WildChina > WildChina > “Little Sun-Covered Mountains”: Fuding’s White Tea

Fuding, Fujian Province is known for some of the finest white tea in the world. Intrigued to see how the modern climate of a market economy was affecting this region, I hopped on a bullet train from Hangzhou and shot down to Fuding. Flying through the Chinese countryside at several hundred km/hour, I gazed out at the verdant green and orange rock-covered mountains as they whirled by; the same mountains that the great Chinese painters Shitao and Bada Shanren painted centuries ago. Riding on the back of one of man’s modern muscle machines, while watching farmers plow their land via water buffalo, I was reminded of the vast disparities separating modern China.

white tea
White tea in Fuding, Fujian province

Stepping off the train in Fuding, I found myself surrounded by sun-covered, little tea mountains stretching as far as the eye could see. My host informed me that their tea growing region was located 45 minutes away, up in the high mountains of Bai Lin (白琳), which literally means “white gem,” a suitable name for the home of China’s most glorified white tea (keep in mind that Fuding white tea is white tea in the processing sense).

The next day, winding up through Bai Lin’s misty mountains, I caught my first glimpse of Fuding’s famous Taimushan Mountain (太姆山). When we reached my host’s tea mountain, I stepped out of the car and gazed at the beautiful mountain vista surrounding me.

My first observation in Bailin was the abundance of birds, insects, and lizards, which meant that pesticide use must be absent or less than many tea farms that I’ve seen. My host was certified organic by the Chinese Tea Research Institute (TRI), but his operation also bought fresh tea leaves from farmers in the surrounding area, and one professor from the TRI told me that much of that tea was not organic.

My second observation was that the tea trees in this area were very densely cultivated. I was unable to discern one tree from another and sometimes could not discern between roots! The same monoculture mentality that has taken over the majority of Chinese tea farms has also taken over here. The tops of the tea trees had a thin layer of foliage and their sides were all twigs. The teas, or rather hedges, were planted so densely and harvested so frequently that their foliage had been reduced to a thin layer. This is the result of high-yield production with short-term gain in mind.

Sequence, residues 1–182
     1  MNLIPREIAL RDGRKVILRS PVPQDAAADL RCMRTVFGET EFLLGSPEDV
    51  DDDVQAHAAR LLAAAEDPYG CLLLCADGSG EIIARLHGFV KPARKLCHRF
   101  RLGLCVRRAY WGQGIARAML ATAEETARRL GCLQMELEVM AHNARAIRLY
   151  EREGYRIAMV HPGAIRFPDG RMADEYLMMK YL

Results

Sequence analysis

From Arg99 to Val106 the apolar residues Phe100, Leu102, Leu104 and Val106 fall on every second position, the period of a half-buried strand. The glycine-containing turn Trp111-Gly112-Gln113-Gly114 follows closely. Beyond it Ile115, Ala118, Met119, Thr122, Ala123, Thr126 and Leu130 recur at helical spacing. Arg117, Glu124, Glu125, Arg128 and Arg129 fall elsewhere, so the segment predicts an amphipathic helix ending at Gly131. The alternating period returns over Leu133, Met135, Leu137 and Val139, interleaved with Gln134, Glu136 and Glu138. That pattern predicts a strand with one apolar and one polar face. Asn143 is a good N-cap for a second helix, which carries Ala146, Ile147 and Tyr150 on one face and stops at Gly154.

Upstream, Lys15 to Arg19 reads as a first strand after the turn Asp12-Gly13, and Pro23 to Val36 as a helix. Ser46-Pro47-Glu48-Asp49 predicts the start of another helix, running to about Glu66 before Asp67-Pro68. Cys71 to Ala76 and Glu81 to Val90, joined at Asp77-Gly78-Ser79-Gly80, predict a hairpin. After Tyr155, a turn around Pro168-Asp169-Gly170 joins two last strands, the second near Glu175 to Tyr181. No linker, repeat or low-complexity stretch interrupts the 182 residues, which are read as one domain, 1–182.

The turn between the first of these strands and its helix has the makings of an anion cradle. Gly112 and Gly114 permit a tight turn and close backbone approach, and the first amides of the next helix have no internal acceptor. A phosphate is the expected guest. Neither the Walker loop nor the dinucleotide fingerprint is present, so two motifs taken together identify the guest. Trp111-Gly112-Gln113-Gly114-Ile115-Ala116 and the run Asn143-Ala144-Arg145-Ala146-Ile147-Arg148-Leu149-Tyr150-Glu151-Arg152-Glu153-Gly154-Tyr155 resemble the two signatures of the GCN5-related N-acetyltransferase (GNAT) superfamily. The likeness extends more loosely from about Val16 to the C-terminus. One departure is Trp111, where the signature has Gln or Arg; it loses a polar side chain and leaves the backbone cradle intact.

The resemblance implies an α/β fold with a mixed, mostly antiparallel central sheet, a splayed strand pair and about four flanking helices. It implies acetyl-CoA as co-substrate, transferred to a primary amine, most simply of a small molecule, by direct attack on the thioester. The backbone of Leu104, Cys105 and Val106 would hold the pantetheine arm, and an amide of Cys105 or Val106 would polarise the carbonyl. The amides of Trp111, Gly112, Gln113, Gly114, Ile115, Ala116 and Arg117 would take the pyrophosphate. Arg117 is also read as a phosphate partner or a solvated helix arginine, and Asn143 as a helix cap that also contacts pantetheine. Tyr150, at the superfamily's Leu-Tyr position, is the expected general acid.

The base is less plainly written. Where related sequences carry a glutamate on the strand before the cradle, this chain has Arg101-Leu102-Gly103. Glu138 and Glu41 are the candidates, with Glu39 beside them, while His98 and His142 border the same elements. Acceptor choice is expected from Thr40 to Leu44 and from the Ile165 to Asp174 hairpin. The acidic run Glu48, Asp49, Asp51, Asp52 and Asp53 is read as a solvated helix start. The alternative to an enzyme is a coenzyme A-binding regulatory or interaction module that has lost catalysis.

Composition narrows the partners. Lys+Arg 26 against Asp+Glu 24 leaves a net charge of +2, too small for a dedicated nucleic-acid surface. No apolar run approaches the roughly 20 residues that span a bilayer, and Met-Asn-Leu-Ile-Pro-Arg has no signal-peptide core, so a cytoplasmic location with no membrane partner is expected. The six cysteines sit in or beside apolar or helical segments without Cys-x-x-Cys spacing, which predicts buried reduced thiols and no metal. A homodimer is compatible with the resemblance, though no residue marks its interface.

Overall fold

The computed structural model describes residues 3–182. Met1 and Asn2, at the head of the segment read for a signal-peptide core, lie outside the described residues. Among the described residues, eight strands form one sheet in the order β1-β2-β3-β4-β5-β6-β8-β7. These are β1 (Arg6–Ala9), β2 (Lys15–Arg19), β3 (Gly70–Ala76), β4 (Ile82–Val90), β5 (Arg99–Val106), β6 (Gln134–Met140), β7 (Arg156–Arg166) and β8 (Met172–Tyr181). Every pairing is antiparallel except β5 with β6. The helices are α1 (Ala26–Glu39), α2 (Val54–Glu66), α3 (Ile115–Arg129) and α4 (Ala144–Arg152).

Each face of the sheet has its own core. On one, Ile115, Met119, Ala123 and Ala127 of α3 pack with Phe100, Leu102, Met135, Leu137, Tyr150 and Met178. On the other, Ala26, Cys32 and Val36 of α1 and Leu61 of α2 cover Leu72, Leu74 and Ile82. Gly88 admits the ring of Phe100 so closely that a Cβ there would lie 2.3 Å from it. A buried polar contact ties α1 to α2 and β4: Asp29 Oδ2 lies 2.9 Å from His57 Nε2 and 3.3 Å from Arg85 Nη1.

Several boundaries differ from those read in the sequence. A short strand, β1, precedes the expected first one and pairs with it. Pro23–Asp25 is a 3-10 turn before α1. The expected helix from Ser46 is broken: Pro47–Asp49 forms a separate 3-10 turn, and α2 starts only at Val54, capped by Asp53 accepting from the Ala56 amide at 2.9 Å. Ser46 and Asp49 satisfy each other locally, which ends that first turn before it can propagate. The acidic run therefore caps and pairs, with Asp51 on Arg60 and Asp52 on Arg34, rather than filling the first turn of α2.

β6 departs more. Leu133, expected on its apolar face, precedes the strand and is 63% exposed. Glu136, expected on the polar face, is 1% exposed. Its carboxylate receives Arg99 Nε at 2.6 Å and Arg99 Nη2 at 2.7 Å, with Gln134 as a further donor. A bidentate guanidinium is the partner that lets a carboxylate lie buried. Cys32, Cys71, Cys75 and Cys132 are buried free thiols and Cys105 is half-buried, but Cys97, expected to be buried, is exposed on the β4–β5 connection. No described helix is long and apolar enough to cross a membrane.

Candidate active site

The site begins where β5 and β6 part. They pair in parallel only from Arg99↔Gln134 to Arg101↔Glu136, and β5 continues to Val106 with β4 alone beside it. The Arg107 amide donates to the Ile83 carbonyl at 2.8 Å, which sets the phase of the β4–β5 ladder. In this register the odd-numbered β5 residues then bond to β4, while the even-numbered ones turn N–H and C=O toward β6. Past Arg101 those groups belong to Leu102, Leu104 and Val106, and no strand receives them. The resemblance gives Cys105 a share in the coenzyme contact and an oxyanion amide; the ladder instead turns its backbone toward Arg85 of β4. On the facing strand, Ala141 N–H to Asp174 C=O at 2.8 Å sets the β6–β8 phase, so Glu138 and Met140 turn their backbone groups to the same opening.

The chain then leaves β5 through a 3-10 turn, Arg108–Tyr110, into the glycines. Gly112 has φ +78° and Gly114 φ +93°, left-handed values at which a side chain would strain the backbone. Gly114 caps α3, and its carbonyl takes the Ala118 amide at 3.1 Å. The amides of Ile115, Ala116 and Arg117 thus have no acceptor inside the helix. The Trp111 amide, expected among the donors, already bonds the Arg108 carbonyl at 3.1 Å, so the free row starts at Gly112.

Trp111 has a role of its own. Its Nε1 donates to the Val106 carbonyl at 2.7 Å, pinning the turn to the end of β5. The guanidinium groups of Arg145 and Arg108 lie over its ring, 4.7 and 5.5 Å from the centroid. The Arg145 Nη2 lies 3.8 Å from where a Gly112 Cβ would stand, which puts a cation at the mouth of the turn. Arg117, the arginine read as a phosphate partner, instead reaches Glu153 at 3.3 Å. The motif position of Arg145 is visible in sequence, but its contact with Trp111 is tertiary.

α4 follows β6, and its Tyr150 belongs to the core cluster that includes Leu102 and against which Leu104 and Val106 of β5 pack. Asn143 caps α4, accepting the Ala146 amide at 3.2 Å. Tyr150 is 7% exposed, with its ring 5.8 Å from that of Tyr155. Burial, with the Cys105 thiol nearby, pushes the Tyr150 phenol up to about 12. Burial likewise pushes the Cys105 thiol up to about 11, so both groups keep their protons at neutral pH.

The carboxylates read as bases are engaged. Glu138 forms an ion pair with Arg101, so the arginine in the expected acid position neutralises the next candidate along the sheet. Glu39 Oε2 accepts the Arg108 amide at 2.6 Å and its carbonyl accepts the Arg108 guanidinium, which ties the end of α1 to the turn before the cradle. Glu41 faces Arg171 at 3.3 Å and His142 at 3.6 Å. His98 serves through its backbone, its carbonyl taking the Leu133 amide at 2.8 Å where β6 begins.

Moving along, I came to a field of stumps. I later found out that every seven-to-eight years, most Bailin farmers chop down their trees (known as Dabaihao and Xiaobaihao) because they yield more leaves between years two and seven. Never mind the quality of the leaf that is being sold, quantity seems to be king in China’s modern tea market, even for one of China’s most famous teas (名茶).

A bit disillusioned, I returned to the processing facility to compare teas. There I heard from behind me talk of wild tea trees (野茶). Excited to see tea trees that had sustained themselves for over 100 years, as I was told, I immediately went with one of the interns to find them (the Fujian University of Agriculture had an intern program with this tea processor).

Into the thick brush we went, finding signs of wild hogs and other animals. Indications of a strong, well balanced eco-system are also indications of good, healthy tea.

After an hour of searching, we finally found our first signs of wild tea. Standing high and tall we found a bed of wild tea next to its over-cultivated, small, and weak counterpart. It looked like the young dreadlocked hippy standing next to an overworked businessman. Only the main difference is that this wild, unkempt, self-sustaining tree was much older than this new little monoculture mop.

Trained strictly to follow a set code for evaluating tea, my companion focused on the flaws of the wild tea, pointing out its lower yield and its older bug bitten leaves. Nonetheless, the wild trees were producing very healthy, fresh leaves and there were no insects in sight except for a bee and a grasshopper. With its roots and leaves allowed to grow freely, the self-sustaining tree in its diverse, natural garden looked much healthier and fuller than the one pruned regularly and planted in dense, monoculture rows with no room to grow.

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